Because the reasons underlying why we dream within normal behaviour are unclear, psychoanalytic dream analysis does not hold up against rigorous scientific enquiry. In Esther's case her dreams may be related to her current feelings of anxiety, but many children experience nightmares even over the long term for no apparent reason. Telling a child what their dreams mean at a deeper level may be relatively useless in making them feel more secure about their current situation. Dreams may well still reflect unconscious thought, but this symptom alone is likely to suggest post-traumatic stress disorder, which always produces conscious symptoms. There is also an inherent danger of over analysing these dreams in Esther's case. Many children have nightmares despite being happy the rest of the time and asking a child to consider these nightmares further may only increase their prevalence.
After writing just for myself for a while, I decided to share one of these informal essays with the ladies I had become close with on my Birth board. They all laughed, while encouraging me to share more. I love the feeling of making people laugh. It’s almost soul-cleansing, knowing that your words or actions can change a person’s mood. I felt like my essays were relatable. There was no “perfect parent” talk, or showing off. It was all about real moments in my everyday life. So every night, I carved out at least 30 minutes where I could spill everything I was feeling. The more I wrote, the better I felt. My light was finally lit again, after being out for so long. I enjoyed my quiet time, and sometimes I even wrote when my life wasn’t quiet at all.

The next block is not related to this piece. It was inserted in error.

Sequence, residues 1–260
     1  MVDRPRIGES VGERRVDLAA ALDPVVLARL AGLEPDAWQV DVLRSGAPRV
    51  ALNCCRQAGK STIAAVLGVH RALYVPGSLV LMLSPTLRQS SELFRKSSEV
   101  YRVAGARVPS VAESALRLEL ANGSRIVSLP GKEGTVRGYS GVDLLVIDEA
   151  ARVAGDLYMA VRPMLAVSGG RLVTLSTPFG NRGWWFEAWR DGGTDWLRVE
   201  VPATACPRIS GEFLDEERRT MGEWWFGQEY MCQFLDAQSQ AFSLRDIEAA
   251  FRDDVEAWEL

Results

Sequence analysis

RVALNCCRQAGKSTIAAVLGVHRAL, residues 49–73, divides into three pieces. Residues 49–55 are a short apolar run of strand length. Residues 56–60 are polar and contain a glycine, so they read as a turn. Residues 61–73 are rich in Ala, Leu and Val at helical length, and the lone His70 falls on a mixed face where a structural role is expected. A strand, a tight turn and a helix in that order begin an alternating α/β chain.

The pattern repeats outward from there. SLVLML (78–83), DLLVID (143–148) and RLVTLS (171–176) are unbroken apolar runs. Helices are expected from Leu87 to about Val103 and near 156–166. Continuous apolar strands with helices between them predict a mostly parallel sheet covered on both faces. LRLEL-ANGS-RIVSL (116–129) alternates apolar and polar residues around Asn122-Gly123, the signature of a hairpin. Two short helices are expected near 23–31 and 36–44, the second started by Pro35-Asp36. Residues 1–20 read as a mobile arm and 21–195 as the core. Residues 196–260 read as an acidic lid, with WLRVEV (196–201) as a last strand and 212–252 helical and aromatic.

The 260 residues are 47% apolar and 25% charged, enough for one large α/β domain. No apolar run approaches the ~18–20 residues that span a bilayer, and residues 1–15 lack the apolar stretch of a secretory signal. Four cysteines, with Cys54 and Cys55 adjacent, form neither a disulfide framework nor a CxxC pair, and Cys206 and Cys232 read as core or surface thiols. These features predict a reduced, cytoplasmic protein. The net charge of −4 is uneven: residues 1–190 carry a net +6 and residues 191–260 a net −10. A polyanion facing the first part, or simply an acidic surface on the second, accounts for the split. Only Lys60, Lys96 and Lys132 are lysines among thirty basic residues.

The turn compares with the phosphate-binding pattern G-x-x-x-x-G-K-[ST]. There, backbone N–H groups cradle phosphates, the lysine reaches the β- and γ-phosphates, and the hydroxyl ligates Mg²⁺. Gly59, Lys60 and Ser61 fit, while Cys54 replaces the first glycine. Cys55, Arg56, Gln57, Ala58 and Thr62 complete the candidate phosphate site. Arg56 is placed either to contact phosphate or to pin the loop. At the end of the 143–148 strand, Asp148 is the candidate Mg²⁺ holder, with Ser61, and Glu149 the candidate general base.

Some common compulsions include hand washing, cleaning, checking things (., locks on doors), repeating actions (., turning on and off switches), ordering items in a certain way, and requesting reassurance.  Compulsions are different from tics (such as touching, tapping, rubbing or blinking)  and stereotyped movements (such as head banging, body rocking or self-biting), which usually aren't as complex and aren't precipitated by obsessions.  It can sometimes be difficult to tell the difference between compulsions and complex tics.  About 10% to 40% of individuals with OCD also have a lifetime tic disorder.